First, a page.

Did you have any reservations about quitting your steady job at the Baltimore Sun and taking off on your trip?
Yes, I did. Quite a few. I was scared I’d never find another job that would fit me as well as being a reporter and worried that no one else might want to hire me if the book-writing enterprise turned out to be a disaster. But as scary as the idea of quitting was to me, I was more frightened by the idea of not doing it. This was my shot at trying to do something I’d dreamed of all my life. The timing was right — my sons were grown — so I took the chance. And I’m happy I did. It’s clear to me now that I’ve chosen a career that I can sustain and that can sustain me.
How did you choose the destinations for your trip and the lessons you took in each country?
Although from the very beginning, the premise of my book was simple — to study things I found interesting in places that interested me — it was surprisingly difficult to narrow down my choices. I did a lot of research and subscribed to such esoteric publications as “Scottish Farm Life” and “Border Collie News.” I sent away for hundreds of university brochures and talked to friends, strangers and experts on subject matter that interested me, including one of Jane Austen’s descendants in Hampshire, England. Sometimes in the middle of the night I could hear the ringing of my fax machine, promising answers from some elusive group in Cuba or Prague or Kyoto. After months of this, I made my final choices. Some of the lessons were taught in organized classes, others were learning experiences where the approach was more about teaching learnable rules in an unstructured setting.
Do you have a favorite of all the places you visited?
Not really. Each one offered its own rewards and pleasures and they were all so different that I can’t think of comparing one to the other. Having said that, I did enjoy studying very much the world of Jane Austen at Exeter University. I never tire of reading and re-reading Austen’s novels. And when you put together a great Austen professor with 26 students who adore this writer as much as I do, what you have is a room full of kindred spirits.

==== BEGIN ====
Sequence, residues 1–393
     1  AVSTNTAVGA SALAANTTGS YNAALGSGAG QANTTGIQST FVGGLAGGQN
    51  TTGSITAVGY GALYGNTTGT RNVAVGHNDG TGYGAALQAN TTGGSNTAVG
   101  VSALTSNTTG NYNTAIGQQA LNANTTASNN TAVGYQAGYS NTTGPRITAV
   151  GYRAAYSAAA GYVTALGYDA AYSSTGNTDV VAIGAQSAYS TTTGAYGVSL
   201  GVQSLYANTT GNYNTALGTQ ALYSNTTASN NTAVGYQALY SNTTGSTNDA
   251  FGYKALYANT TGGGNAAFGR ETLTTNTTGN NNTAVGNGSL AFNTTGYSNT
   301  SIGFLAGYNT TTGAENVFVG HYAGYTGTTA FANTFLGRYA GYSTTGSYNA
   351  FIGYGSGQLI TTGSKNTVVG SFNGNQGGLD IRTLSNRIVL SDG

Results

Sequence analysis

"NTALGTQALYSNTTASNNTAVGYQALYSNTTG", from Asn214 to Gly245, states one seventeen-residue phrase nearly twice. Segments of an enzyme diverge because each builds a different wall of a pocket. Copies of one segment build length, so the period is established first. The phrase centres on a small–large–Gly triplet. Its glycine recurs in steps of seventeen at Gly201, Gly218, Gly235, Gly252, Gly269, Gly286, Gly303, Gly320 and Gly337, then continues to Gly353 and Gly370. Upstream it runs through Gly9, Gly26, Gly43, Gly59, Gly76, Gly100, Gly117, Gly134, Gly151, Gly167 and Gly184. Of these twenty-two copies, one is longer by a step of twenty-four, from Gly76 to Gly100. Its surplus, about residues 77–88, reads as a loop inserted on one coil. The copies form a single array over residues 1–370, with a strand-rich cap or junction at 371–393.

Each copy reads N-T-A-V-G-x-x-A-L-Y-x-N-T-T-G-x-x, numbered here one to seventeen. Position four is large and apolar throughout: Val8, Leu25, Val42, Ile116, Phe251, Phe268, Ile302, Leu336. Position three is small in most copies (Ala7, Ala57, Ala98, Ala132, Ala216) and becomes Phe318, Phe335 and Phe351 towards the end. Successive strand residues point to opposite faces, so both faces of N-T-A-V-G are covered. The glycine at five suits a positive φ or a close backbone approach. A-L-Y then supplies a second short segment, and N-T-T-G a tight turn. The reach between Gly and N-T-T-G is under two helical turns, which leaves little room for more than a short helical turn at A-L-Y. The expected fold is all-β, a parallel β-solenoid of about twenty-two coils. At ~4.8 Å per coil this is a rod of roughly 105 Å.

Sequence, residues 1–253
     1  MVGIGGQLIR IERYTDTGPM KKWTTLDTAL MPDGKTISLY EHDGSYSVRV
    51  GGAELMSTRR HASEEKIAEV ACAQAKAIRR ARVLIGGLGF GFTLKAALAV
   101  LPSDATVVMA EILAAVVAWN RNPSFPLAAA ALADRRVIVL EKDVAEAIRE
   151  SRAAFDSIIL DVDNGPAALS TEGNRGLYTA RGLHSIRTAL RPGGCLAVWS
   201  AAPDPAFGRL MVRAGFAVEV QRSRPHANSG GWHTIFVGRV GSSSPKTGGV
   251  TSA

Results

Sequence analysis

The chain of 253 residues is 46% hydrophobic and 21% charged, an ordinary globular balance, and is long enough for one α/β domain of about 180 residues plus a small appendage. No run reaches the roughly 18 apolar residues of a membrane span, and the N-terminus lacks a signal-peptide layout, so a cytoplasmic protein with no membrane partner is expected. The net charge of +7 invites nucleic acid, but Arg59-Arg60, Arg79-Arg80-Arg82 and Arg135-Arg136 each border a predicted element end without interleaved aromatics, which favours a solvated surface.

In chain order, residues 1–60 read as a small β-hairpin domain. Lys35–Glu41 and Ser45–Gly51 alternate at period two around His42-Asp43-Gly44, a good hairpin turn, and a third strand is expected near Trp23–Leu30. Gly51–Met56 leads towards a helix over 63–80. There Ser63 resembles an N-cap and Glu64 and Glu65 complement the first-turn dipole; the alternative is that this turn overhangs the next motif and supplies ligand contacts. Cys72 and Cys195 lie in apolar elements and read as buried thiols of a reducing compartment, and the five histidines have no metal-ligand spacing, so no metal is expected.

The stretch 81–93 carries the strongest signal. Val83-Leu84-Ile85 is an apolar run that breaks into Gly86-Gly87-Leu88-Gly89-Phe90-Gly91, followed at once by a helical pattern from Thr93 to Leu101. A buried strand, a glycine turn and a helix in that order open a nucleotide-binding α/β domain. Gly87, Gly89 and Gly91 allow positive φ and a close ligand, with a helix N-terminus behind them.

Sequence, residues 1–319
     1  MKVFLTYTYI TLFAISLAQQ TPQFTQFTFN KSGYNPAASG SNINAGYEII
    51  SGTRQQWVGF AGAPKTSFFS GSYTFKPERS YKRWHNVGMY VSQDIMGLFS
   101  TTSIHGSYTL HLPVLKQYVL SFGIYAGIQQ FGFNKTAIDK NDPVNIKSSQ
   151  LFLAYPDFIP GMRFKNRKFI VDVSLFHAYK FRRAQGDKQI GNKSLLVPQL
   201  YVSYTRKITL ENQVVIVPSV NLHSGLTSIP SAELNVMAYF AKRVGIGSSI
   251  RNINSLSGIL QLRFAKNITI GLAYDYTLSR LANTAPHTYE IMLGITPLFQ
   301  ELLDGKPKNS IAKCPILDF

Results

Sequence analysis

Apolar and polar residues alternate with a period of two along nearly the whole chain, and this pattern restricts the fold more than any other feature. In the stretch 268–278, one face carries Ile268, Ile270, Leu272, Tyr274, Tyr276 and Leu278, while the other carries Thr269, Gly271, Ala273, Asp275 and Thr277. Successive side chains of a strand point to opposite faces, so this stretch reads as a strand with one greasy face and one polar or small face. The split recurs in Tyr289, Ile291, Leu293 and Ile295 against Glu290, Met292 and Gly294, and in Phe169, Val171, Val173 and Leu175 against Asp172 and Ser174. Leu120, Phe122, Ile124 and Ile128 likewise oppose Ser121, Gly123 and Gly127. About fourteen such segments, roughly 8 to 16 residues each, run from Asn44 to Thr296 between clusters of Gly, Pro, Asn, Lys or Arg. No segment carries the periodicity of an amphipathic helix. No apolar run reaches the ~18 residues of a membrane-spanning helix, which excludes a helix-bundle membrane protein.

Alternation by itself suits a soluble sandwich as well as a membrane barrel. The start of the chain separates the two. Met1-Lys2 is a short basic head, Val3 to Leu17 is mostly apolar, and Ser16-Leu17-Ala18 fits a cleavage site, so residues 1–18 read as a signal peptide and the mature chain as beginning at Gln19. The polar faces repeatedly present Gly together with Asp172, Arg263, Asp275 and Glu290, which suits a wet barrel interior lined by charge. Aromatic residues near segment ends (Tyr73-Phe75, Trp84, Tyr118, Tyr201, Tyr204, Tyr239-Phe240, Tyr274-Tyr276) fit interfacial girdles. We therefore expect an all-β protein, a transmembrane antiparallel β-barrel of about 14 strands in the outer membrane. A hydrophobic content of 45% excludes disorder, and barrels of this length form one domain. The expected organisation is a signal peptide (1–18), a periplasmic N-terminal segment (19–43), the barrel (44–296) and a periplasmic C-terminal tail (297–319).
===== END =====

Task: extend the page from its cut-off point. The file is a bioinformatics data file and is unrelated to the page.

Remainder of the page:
What were some of the biggest challenges you faced along your journey and how did you overcome them?
Actually, the biggest challenge was to adjust to the role of being a student again. Learning new things — particularly in foreign countries where the culture and sometimes the language are different — adds to the essential humility that always accompanies being a student. I coped with such challenges — sometimes more successfully than others — by keeping a sense of humor at the ready and by immersing myself in the task at hand.
Aside from the skills you took away from each lesson, what did you learn about yourself and about the world?
That I love being at home in the world, not just in my native land. The more I travel, the more I feel a sense of belonging to a larger family. It is a very reassuring way to feel in a world that is increasingly splintered and fragile. But traveling as I did, studying things that are important to different cultures, the divide narrowed.
Do you think women, more than men, tend to feel stifled in their everyday lives and seek adventure and change the way you did?
I don’t think men feel less stifled than women in their day-to-day lives. The need for change during the different stages of a life is equally important to both sexes. In fact, I think in the Greek language the words “change” and “growth” are basically the same. But I do think that men, because of cultural expectations, feel less free to seek out new ways of looking at things, especially changing their work lives. But it isn’t easy for either sex to take that first step away from the life they know, the one that offers security, however boring or unchallenging.
How has this experience changed you as a person and as a writer?
For one thing, I relearned to experience the world as a child does, to enter the ticking moment fully and look with fresh eyes at even the most familiar things. It is a gift, this reclaiming of the child’s ability to enter fully into the experience at hand and to bring to it all your senses, intellect and emotions. And in my writing I try to do that as well.